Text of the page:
KEYNOTE: Surveillance capitalism in our libraries Sarah Lamdan, CUNY School of Law
In the transition from industrial to informational capitalism, much of our lived experience has gone from physical to digital, including library services. As publishers, library vendors, and other informational service providers have become internet-based companies, their business models have transitioned from analog services to data-based services. In short, our traditional library service providers are becoming data analytics companies, dabbling in, or diving into personal data brokering. From RELX to ProQuest, major library vendors are finding new ways to extract and monetize people’s personal data. Researchers are finding surveillance software like ThreatMetrix in their research databases, and data analytics companies like Clarivate are trying to acquire ProQuest, a major library service platform provider to exploit library patrons’ data to create more academic metrics to sell grant funders and research institutions. All of these corporate decisions are part of a trend of our vendors collecting library patrons’ personal data. The increasing surveillance capitalism in our library spaces makes open access more important than ever.
Tagged with science & technology
Data Cultures: Implications for Digital Equity and Archival Practice.
If we want to equalise power in groups, we must work with the dynamics at play. Groupwork Centre facilitator Nancy Nuñez says it’s worth giving it a go. A conversation about rank and power can lead to significant breakthroughs.
Facilitate This! is produced by the Groupwork Centre on the land of the Wurundjeri people of the Kulin Nation. We welcome your feedback via email: firstname.lastname@example.org
David Graeber talked about jobs that he says qualify as employment but are pointless and unnecessary. David Graeber was interviewed by Cory Doctorow. Recorded June 13th, 2018
Tagged with people & blogs
Presentation at ANZREG Resource Sharing Webinar 2021. Hosted by Rachel Salby, Latrobe University. All questions from this webinar were handled after at the end of the session.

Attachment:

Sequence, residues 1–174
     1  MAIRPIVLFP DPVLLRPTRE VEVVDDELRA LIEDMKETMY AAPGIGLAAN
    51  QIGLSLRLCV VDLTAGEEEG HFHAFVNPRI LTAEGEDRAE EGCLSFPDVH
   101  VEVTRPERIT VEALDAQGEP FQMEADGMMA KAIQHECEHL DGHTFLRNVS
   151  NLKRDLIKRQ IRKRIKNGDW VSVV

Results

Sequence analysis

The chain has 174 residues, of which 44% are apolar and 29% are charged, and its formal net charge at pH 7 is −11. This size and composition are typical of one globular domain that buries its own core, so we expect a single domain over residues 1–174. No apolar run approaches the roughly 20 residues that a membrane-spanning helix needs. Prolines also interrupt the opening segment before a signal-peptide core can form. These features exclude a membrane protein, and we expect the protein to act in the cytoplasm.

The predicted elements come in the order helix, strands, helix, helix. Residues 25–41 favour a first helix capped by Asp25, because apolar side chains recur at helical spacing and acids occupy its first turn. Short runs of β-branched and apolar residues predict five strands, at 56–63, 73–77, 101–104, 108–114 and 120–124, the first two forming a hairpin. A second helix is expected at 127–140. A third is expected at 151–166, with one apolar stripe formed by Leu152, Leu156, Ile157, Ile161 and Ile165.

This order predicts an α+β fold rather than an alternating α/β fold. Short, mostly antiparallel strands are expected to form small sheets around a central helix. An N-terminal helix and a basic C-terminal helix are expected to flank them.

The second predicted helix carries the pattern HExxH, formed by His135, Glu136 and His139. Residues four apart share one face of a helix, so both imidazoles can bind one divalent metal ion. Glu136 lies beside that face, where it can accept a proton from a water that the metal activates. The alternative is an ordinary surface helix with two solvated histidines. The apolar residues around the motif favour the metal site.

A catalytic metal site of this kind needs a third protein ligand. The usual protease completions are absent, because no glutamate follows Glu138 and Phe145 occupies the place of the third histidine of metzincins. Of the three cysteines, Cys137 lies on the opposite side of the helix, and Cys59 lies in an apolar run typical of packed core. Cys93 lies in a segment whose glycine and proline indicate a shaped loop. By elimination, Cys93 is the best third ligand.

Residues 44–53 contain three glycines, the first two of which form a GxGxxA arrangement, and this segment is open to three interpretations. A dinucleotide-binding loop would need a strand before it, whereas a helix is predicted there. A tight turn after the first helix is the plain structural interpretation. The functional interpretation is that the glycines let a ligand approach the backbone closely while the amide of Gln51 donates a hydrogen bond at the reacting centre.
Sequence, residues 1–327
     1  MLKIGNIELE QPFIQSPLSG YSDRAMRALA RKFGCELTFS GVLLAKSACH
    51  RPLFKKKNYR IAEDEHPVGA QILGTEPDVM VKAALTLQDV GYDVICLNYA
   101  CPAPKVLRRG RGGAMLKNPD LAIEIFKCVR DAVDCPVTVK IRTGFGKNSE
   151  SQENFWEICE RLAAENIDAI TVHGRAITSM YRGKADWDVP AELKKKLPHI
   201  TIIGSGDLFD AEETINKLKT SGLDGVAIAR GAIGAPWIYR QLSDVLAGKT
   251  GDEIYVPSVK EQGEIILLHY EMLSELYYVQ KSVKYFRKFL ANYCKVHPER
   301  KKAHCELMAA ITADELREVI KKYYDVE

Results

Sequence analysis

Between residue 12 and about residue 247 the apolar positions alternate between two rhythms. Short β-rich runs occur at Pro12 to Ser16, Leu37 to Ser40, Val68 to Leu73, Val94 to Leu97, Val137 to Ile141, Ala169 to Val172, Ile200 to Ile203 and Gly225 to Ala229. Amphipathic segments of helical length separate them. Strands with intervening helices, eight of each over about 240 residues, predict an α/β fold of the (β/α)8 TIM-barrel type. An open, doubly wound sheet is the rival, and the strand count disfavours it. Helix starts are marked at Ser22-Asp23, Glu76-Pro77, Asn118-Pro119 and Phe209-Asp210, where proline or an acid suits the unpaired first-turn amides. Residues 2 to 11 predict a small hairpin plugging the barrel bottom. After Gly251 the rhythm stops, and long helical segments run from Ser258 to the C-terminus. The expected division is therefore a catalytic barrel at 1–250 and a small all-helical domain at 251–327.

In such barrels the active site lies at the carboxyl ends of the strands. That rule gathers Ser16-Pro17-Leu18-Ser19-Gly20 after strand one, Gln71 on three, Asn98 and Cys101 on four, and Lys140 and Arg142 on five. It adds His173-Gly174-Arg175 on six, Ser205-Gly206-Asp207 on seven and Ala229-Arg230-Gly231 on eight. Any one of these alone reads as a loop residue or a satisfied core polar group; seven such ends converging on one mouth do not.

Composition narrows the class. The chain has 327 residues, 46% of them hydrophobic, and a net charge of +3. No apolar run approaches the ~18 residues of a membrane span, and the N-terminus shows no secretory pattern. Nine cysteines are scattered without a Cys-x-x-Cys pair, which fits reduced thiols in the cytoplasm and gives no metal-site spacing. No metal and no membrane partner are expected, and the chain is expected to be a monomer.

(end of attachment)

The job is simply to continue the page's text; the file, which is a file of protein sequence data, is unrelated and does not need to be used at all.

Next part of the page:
Open textbooks are a recent innovation in free, digital texts that can be: • distributed at no cost; • printed at cost-price; • and modified for local needs, such as to correct gender, socio-cultural and indigenous under-representations and mis-representation in the curriculum.
Open textbooks are a kind of Open Educational Resource (OER) and are designed to be shared with appropriate attribution of authors. A National Scoping study has recently been completed by Dr Sarah Lambert at Deakin University, funded by the National Centre for Student Equity in Higher Education (NCSEHE). The research investigated if open textbooks could be useful social justice initiatives in Australia, as they have been overseas.
The staff and student data suggest that open textbooks and diverse open reading lists have potential in the Australian context for reducing inequalities of learning experiences and outcomes. While the international literature suggests cost savings to students have positive benefits for both students and institutions, the Australian findings suggest that open textbooks are also valuable to: • reduce the inequalities, workarounds and compromises of restrictive digital access to commercial texts that restrict access (time or number of chapters) • provide seamless integration of whole resources …
Does your inbox make you miserable? Is the constant barrage of back and forth emails stopping you from doing deeper, more focussed work you actually need to do? You are not alone. According to , on average, email interrupts knowledge workers work every six minutes. There is an alternative. Cal walks us through why our relationship with email is dysfunctional and how to break up with it. Cal’s book: A World Without Email: Reimagining Work in the Age of Overload Producer:
Buckle up, The Great Resignation is heading Australia’s way - This Working Life - ABC Radio National
Thinking of quitting your job? Join the club! The COVID pandemic has led to what’s being dubbed The Great Resignation in the US. And apparently this seismic shift in the workforce is about to hit our shores, especially in the tech industry. from global research and advisory firm Gartner shares industry trends and what organisations need to do to head it off at the pass. With stories from , Chicago-based content marketing manager; Cathy, Australian start up founder; and, community innovation director, Culture Amp Producer:
The plan to bury Mungo Man and Mungo Lady pains some traditional owners – and the man who found them | Australia news | The Guardian
Their discovery proved millennia of continuous Indigenous existence. Now time is running out for those who want to stop them being buried again
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